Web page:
A safe spot to unwind

Miriam’s Garden offers solace for sexual abuse survivors

Administrators and counselors at the Sexual Violence Center in the Whittier neighborhood said their garden does more than provide pretty greenery, it helps heal survivors of sexual violence, their clients, and to calm staff who work with them.

The Sexual Violence Center, 2100 Pillsbury Ave., started in 1985 and provides services to survivors of sexual violence in Hennepin, Carver and Scott Counties. SVC provides counseling, support groups, advocacy, legal clinics and education. The nonprofit also operates a 24-hour crisis line and provides rape counselors to help survivors through hospital and legal procedures. Administrators describe the garden as an additional service or healing tool of a different sort.

The healing garden, or Miriam’s Garden, is located at the center of SVC. It is approximately 300 square feet, spanning the length of the south side of the old brick building, and features a walking path, a trellis, a water fountain, numerous markers donated by sexual violence survivors or their families and a small goldfish pond. (Note: Goldfish are kept inside in tanks during the colder months.)

How the center uses the garden to heal

Executive Director Abigail Fisher said the garden gives survivors of sexual violence a place to sit in a peaceful setting and reflect — something not always easily found in the busy city.

"In the middle of dealing with such a horrible issue, it’s hard to let go of anger," said Fisher. "When clients have a moment to not be angry it’s really soothing."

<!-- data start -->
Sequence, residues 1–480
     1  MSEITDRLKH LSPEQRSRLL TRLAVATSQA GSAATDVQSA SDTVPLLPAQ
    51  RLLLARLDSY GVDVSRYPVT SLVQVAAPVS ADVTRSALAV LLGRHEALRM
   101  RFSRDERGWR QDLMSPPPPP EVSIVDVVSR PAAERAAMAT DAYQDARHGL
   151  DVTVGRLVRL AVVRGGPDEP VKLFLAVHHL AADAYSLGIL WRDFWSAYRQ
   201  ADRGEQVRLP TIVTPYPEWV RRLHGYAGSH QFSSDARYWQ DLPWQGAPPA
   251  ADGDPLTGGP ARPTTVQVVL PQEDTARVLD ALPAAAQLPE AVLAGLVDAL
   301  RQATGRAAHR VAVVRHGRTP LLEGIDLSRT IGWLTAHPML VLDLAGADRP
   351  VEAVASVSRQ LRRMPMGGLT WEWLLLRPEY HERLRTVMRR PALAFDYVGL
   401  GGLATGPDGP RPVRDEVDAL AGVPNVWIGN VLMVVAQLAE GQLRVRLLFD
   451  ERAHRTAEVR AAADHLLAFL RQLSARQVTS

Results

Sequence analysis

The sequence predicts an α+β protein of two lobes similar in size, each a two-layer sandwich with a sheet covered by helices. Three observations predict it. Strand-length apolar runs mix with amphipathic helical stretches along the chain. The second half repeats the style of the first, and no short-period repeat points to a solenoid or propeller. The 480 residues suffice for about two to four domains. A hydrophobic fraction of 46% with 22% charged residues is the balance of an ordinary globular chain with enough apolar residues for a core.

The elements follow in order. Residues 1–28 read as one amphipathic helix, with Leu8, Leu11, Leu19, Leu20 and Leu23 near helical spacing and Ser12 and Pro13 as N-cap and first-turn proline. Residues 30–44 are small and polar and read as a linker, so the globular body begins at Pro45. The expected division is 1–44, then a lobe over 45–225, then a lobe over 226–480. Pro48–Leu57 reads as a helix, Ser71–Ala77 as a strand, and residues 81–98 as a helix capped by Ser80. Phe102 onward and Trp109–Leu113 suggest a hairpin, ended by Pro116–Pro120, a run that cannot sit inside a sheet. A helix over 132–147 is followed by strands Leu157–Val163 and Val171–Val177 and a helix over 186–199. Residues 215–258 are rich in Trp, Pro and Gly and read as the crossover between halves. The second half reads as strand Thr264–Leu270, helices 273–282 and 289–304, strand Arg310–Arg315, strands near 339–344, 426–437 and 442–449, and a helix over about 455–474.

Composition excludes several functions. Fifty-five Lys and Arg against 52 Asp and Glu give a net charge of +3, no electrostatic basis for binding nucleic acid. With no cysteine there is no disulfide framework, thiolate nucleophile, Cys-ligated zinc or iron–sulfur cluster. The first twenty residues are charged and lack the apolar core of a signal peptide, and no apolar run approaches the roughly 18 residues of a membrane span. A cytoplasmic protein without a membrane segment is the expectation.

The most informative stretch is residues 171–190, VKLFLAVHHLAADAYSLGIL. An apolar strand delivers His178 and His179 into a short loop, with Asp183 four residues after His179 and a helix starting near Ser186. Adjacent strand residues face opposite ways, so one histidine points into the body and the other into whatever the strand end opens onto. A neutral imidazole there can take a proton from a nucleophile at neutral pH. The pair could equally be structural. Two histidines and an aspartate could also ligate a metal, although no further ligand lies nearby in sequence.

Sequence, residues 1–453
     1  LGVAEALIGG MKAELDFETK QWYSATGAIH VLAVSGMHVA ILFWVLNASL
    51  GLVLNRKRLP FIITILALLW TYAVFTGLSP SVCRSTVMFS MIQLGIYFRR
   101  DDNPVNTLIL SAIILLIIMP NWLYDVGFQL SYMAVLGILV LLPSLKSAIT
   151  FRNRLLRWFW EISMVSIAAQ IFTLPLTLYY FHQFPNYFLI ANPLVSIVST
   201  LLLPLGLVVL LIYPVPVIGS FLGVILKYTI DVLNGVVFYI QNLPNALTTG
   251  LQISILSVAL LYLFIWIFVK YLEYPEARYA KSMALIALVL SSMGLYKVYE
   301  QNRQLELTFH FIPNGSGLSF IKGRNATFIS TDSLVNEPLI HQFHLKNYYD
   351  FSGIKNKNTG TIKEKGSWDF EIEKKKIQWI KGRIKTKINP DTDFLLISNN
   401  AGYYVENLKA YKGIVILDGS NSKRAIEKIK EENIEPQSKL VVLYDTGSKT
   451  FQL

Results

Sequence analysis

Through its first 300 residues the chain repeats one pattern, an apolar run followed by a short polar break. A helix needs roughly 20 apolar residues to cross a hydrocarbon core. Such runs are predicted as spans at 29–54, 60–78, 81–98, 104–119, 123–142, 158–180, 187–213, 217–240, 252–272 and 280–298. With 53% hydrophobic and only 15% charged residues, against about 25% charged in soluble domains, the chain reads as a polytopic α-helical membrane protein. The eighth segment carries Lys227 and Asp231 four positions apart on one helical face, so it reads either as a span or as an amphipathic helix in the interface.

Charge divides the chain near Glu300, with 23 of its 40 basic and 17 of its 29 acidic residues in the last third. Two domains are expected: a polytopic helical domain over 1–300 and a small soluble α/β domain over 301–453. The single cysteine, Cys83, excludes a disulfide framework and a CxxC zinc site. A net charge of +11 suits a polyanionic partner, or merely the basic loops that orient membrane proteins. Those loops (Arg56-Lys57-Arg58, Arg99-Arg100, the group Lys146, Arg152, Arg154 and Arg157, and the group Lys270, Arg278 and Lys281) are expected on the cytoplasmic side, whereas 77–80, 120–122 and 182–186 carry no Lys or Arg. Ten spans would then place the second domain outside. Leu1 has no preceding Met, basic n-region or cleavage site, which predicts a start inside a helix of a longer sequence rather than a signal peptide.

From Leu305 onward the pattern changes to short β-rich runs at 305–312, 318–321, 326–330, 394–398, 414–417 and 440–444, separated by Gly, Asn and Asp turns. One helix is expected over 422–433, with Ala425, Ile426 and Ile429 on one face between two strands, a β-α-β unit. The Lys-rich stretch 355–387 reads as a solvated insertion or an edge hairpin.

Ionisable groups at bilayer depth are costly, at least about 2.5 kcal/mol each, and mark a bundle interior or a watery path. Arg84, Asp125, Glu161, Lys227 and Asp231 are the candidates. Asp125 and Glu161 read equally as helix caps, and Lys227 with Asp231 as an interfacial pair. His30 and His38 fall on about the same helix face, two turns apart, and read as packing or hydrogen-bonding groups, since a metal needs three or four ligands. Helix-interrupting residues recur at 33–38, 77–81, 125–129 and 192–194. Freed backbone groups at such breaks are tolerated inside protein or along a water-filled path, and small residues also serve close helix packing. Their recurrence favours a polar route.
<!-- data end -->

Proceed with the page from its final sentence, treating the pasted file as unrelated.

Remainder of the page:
Rebecca Waggoner Kloek, the direct services manager who oversees SVC’s crisis line and advocacy services, said the garden provides a vital sense of healing for some of their clients. "People heal from sexual violence in a variety of ways, and for some nature is a way [to heal]," she said.

Waggoner Kloek also said the garden offers workers and volunteers a place to have a sense of solitude. "We get a lot of really hard calls," she said. "It’s very stressful work, and the garden is a place we can go to be peaceful and recharge."

Fisher said that their clients and volunteers have taken to the garden so much that many often come to help with its maintainence and upkeep. In addition, she said a volunteer was even married in the garden last year.

How the garden came to be

Waggoner Kloek said a counselor for the center, Caroline (to protect anonymity, last names are not used at the center), was killed in 1994 after being hit by a bus. A large tree, now growing in front of the building, was donated in her honor as part of funeral donations.

Shortly after that, a volunteer, Miriam, died of a heart attack just months into her work at the center. Waggoner Kloek said her family and friends donated money following her death to pay for a garden, often referred to as Miriam’s Garden.

The garden grew from there. While the donations from the friends and family of past volunteers started it, many people, including businesses, have helped the garden to flourish.

Waggoner Kloek said Linder’s Greenhouse of St. Paul and other landscaping companies have provided many plants and flowers for the garden over the years.

Fisher said the parents of a sexual violence survivor donated a bench for the garden to show their appreciation for the services they provided. She said another important donation to the garden is a tiled pillar monument that has it’s own story to tell tile by tile. Each one of the vibrantly colored tiles represents a woman who died in prostitution, Fisher said, made by someone who knew them.

Donating to the garden, she said, has been a catharsis for many of their clients. "It’s a way for people to give back," Fisher said.

For more information on SVC services or to inquire about volunteer opportunities, call 871-5100 or visit www.sexualviolencecenter.org.